DIY Solar Still Instructions

    Here’s what I did and what I learned when I made my own solar still. I decided to try a couple techniques for making a solar still that could apply in two different situations. Both techniques use the same materials.

    Materials:

    The Sun

    Bowl (about 12 inches in diameter, preferably larger)

    Mug or Plastic container (think Tupperware)

    Plastic Wrap or Sheeting

    A Weight (a rock, brick, box—anything heavy you can find to hold down the plastic wrap down)

    Shovel (or a tool or rock that can dig a hole)

    Plant Material (shrubs, grass, leaves, etc.)

     

    Solar Still #1: Coffee-Mug Still

    For the first one, I assumed a situation such as an earthquake or flood that leaves you in your home (sheltering in place), but causes a disruption in utilities. While normally you would have safe drinking water stored, in the event that you don’t—or it somehow became contaminated, you may need to make a simple solar still.  

    What I did:

    1. I put salt water in a bowl that is about 12 inches in diameter. I then put a coffee mug in the center of the bowl.  I placed the bowl on a table, directly in the sunlight.
    2. I covered the bowl in plastic wrap and put a weight on the center above the mug to direct the condensation toward the mug.  All that was left was to put it in the sun and wait.
    3. The contaminated water went into the bowl, then the condensation on the plastic wrap drips into an empty mug in the center, filling it with clean water.

    This method worked, but there were a couple major shortcomings.  The first time I tried it, the sky clouded up and I was rewarded with only a few drops of water for a whole day of waiting. The next try was better, but a day of sunlight still only yielded about one quarter cup fresh water. This would require a lot of bowls if you were relying on it for drinking water. I think an increase in surface area would make a big difference in how much water is produced.

     

    Solar Still #2: Pit-Style Solar Still

    The second method I used was more of a survival technique. You might use this type of solar still if you have to evacuate your home in an emergency and live off the land.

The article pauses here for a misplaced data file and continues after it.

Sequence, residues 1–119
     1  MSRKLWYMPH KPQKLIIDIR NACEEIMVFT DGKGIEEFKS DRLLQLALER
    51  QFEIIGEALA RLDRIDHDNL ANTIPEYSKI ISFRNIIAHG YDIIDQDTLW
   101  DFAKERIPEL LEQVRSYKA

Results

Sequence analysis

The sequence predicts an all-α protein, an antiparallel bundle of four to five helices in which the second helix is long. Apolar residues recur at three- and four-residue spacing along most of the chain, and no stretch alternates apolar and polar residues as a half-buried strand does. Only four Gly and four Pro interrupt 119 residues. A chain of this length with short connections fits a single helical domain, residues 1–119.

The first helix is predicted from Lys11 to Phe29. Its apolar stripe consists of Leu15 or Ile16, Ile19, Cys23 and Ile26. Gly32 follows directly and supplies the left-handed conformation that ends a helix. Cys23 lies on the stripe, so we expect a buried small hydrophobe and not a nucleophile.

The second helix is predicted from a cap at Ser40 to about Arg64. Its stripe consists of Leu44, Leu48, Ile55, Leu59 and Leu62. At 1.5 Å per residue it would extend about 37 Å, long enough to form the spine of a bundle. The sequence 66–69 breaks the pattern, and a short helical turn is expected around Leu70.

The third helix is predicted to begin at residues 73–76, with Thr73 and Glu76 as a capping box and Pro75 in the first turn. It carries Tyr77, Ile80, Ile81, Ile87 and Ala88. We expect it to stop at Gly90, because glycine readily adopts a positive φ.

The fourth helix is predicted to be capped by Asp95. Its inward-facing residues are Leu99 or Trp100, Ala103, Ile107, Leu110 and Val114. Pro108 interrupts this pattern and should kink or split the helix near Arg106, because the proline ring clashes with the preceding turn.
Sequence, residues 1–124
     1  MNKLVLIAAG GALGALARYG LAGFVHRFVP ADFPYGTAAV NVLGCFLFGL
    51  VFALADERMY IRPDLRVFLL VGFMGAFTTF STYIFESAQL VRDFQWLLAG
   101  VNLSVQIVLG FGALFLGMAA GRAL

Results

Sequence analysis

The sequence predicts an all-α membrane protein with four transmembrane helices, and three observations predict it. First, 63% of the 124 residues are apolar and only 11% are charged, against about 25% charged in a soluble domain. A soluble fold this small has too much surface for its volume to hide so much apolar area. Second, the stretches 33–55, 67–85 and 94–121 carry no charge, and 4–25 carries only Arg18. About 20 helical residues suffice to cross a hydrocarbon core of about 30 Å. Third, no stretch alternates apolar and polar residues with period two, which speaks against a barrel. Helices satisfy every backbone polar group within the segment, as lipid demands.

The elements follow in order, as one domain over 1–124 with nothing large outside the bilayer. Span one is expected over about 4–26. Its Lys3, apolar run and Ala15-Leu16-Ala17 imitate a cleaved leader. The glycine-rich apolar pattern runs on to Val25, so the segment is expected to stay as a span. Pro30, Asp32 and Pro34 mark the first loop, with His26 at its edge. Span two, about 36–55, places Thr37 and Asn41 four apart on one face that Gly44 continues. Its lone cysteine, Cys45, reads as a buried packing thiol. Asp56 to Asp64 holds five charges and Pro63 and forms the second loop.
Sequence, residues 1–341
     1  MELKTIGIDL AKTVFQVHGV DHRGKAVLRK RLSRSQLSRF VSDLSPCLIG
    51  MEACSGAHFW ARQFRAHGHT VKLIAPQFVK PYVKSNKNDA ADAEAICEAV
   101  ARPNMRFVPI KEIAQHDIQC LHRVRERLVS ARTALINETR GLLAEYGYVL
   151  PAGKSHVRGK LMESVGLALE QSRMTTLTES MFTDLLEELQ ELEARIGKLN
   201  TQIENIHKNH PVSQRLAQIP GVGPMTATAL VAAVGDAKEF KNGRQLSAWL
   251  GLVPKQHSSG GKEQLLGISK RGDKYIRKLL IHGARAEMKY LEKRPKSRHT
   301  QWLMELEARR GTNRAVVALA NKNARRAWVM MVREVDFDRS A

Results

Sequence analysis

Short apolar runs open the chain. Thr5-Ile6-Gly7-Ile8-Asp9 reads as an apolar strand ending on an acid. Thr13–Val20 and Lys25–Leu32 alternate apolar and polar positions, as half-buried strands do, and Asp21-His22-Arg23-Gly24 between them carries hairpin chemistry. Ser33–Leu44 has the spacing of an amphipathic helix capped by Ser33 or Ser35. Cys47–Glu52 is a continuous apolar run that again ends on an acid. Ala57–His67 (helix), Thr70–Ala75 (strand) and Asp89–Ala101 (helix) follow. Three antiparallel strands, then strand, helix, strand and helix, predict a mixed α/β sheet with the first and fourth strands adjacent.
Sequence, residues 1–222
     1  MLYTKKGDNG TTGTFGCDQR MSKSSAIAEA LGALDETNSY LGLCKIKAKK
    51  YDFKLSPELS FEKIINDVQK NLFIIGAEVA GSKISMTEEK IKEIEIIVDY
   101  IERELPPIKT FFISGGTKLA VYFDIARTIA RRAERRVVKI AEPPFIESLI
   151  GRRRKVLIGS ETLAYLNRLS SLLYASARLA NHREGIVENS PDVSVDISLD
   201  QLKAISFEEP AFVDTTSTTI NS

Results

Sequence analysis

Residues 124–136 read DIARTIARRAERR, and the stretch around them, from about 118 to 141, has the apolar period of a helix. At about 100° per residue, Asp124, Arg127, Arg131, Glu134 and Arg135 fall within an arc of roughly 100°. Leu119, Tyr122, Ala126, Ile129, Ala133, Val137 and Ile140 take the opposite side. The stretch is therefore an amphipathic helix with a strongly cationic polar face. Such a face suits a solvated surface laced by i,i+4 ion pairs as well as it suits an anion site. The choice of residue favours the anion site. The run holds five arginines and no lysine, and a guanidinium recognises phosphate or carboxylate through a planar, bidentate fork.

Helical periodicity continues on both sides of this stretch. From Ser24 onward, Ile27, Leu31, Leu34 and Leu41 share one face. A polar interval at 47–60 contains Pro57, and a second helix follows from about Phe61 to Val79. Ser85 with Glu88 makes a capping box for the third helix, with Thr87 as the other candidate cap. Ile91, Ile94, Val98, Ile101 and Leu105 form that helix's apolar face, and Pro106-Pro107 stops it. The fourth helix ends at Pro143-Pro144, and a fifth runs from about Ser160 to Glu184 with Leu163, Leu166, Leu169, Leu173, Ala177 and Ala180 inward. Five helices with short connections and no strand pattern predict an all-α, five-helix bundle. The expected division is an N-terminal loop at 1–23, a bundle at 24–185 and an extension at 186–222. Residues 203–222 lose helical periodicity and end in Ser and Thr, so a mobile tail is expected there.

What I did:

    1. I dug a shallow hole in my garden about 3 feet in diameter.
    2. I then filled the hole with plant material and placed a water collection cup in the center.
    3. Similar to the set-up described above, I once again covered the collection cup in a plastic sheet.
    4. I then placed a rock in the center to cause the condensate to run to the middle and drip into my collector cup.

     

    DIY Solar Still

    I did this on a hot sunny day, for the entire day, and collected around one third of a cup of water.

    DIY Solar Still

    What I learned

    The second method is energy intensive, both in terms of physical labor and in terms of the energy required to vaporize the water.  If you’re in a survival situation, you may want to weigh the outcome: the work required may not be worth the water produced. If you’re on the brink of dehydration, any amount of water could help you, so making a pit-style solar still could be well-worth it to you then.

    The Solar Still is a little tricky to get right, as well.  The clouds completely ruined my first attempt. On my second attempt I managed to get water, but it was disappointingly full of dirt from the plants I was putting in the pit.

    Given the right situation, however, I can imagine this process being fairly useful.  In a beach, swamp, or marshy area, the pit-style still would continually recharge with water from the soil. It would work passively and could be fairly productive.

    Since there’s so little water produced from the solar still, it’s important to use more than one method of water collection to make sure you have enough water to keep yourself hydrated. Check out the post “Finding Water in the Wild” for more water collection techniques to try out.

    --Joe and Angela

    Posted In: Insight, Skills, Uncategorized Tagged With: water purification, DIY